The new entertainment offered at the Broadway Theatre last night, and to be seen there, we believe, for some weeks to come, demands some description, but only as a matter of news. It has only an insignificant relation to the dramatic art, and one would waste energy and patience to treat of it from a critical point of view.
Miss Elsie Leslie has not perceptibly increased in stature. Her hair is as plentiful and beautiful as ever. A sweeter, cunninger child than she has never been placed on exhibition. She says the many words of her part nicely, too, and she makes believe she is either a prince or a pauper with perfect self-assurance. The most difficult task she had to perform last night, perhaps, was to stand for ten minutes before the curtain, hand in hand with Mark Twain, who was making a speech. Let the reader imagine himself standing hand in hand with Mark Twain in front of a big houseful of folks and with the glare of the footlights in his eyes, without a word to say, or any prearranged plan of behavior, and he will appreciate Elsie's predicament. The little girl was not a bit embarrassed, though. She smiled at the spectators and glanced from time to time inquiringly up at Mark Twain's lips as if wondering when he would stop talking. Mark Twain was making a speech. He was telling how difficult it is to write a play. Most persons who sit under the influence of contemporary dramatic efforts do not need informationon that point.
Elsie Leslie is not yet an actress, and "The Prince and the Pauper" is not yet a good play. Elsie may become an actress in time. She has already learned how to receive bouquets over the footlights, and a great many were handed to her last night. No reasonable person would expect her to reveal real dramatic gifts at her age; if she did she would be a precocious phenomenon instead of a charming little girl trained to walk and talk on the stage.
"The Prince and the Pauper," when it left Mark Twain's hands, was a long, very readable narrative, extravagant in its substance, but simply told. For children it was an absorbingly interesting story. Al that is good in the arrangement of this story made for the purpose of amusing an easily-amused public in a theatre is taken bodily from Mark Twain's book. The incidents in Miles Hendon's lodging on London Bridge, where the tattered cavalier waits upon his protege, never dreaming that the little beggar is really King of England, but striving to humor his whim, form by far the best part of the play; and the words and stage directions are taken from the best passage in the book. On the other hand, the impossible scene between Princess Elizabeth and Seymour in the thieves' den, the fortune-telling incident, and the jumble of odds and end of melodrama are not in the book at all, and they are abortive and tiresome on stage.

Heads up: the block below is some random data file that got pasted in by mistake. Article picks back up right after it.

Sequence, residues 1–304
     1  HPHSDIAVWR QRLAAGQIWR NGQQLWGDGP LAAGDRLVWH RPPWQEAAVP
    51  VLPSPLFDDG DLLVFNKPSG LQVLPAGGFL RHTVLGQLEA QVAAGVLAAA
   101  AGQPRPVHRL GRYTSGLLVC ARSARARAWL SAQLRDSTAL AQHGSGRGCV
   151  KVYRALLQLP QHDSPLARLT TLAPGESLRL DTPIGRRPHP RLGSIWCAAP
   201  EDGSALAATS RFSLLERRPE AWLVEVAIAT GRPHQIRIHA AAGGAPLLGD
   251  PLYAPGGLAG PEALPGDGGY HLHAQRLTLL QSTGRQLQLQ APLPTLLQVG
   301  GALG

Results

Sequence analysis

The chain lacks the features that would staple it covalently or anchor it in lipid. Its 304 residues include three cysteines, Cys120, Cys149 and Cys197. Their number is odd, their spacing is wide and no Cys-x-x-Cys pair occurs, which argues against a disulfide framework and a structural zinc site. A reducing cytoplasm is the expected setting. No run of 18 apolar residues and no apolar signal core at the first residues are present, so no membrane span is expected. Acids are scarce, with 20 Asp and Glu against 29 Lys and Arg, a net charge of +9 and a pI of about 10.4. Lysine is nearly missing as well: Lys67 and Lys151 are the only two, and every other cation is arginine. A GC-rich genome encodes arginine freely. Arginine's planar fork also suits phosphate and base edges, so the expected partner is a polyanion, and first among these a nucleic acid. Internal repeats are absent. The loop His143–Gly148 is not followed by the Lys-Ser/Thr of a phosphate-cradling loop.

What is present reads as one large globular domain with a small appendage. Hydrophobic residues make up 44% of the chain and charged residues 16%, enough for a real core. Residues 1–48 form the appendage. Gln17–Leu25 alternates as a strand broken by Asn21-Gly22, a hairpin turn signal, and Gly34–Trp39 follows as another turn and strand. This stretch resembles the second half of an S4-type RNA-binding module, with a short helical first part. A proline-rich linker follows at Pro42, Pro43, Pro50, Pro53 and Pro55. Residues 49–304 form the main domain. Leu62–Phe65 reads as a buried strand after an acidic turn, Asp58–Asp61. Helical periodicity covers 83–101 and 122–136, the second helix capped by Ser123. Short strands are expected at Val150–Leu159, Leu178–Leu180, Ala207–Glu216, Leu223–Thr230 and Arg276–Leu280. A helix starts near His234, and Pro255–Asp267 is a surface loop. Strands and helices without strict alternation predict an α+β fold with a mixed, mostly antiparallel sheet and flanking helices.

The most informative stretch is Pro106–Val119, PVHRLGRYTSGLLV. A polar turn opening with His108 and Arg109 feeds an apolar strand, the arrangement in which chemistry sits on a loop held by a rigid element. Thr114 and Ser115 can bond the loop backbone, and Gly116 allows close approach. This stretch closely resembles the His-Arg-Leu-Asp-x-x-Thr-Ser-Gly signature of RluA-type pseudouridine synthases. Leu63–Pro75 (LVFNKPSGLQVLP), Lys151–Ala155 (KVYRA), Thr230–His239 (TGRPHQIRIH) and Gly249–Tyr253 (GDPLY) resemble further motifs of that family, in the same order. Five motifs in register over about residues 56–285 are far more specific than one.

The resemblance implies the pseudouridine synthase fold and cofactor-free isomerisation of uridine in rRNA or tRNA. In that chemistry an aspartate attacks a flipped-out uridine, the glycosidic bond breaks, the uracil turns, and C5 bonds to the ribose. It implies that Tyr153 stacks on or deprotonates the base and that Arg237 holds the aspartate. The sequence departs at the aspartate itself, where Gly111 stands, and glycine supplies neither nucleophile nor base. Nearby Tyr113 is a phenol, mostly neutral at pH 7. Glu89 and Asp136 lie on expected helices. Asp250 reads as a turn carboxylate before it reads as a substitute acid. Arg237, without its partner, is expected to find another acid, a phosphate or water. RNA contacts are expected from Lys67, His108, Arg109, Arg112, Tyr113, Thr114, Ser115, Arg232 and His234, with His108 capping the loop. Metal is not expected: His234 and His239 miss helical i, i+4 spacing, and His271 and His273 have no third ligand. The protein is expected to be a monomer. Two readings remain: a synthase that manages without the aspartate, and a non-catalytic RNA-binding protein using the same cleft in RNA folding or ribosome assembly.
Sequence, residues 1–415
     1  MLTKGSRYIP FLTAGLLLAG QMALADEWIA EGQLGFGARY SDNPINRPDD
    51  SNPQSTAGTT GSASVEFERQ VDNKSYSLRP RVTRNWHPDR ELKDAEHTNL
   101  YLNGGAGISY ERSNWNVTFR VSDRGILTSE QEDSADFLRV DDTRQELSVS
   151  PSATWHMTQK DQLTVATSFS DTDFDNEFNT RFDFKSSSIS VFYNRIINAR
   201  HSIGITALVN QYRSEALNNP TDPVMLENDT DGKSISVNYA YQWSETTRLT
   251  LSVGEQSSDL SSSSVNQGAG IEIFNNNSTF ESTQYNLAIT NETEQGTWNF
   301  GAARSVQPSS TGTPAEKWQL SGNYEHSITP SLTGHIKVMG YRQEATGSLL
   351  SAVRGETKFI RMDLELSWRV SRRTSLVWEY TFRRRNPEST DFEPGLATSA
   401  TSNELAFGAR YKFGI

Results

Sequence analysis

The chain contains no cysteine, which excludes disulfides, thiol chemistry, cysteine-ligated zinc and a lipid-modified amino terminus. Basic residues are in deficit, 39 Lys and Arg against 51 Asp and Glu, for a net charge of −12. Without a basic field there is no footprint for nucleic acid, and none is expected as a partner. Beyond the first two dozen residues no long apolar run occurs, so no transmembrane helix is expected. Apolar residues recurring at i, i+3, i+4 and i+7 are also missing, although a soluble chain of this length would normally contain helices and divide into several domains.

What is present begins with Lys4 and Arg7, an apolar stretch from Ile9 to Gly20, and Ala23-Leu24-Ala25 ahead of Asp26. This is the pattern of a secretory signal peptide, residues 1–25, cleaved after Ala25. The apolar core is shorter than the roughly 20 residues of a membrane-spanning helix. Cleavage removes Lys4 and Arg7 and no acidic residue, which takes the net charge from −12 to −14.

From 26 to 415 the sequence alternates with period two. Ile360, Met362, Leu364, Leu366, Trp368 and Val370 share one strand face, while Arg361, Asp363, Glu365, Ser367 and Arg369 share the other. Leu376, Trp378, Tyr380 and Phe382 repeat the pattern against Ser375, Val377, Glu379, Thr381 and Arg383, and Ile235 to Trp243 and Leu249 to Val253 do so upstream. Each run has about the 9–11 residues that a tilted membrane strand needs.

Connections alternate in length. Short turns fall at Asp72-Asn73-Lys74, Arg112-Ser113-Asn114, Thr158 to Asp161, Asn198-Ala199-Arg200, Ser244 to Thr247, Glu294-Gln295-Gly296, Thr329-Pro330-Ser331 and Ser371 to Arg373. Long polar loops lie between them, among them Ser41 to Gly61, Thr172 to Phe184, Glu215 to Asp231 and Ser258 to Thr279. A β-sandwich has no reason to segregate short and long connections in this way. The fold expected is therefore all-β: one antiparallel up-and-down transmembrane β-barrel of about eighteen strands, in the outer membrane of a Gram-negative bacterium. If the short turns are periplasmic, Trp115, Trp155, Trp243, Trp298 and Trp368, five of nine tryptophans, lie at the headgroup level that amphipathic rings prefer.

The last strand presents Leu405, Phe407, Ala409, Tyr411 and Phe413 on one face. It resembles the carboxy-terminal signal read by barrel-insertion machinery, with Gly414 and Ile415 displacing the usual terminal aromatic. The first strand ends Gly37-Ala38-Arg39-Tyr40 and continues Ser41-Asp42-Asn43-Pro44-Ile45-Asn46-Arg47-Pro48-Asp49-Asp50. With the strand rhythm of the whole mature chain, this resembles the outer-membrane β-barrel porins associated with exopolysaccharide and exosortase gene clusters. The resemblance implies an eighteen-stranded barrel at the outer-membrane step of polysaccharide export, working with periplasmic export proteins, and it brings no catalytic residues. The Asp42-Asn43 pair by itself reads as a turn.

But that does not matter. "The Prince and the Pauper" will draw great crowds at the Broadway Theatre, because the public likes to see a pretty child as hero of a play, and does not care a rap for good plays or good acting so long as it is amused. As a show Mr. Daniel Frohman's latest venture is praiseworthy. The pictures shown are all new and some of them are very handsome. Mr. E. H. Vanderfelt and Miss Annie Mayor, excellent actors, are implicated in the proceedings, and so far as their goes the entertainment has some dramatic value. But Elsie Leslie dominates everything. Her costumes as Prince Edward, son of King Henry VIII, are rich and expensive; her rags at Tom Canty, the pauper, are picturesque, and whatever she wears is becoming to her. The scenery is excellent, and a great many persons assist the little girl. There was a large audience to see the first performance, and the applause was very loud and very sincere.
People will flock to see an infant monarch cracking nuts with the sceptre of royalty.
See related article in the New York Herald.
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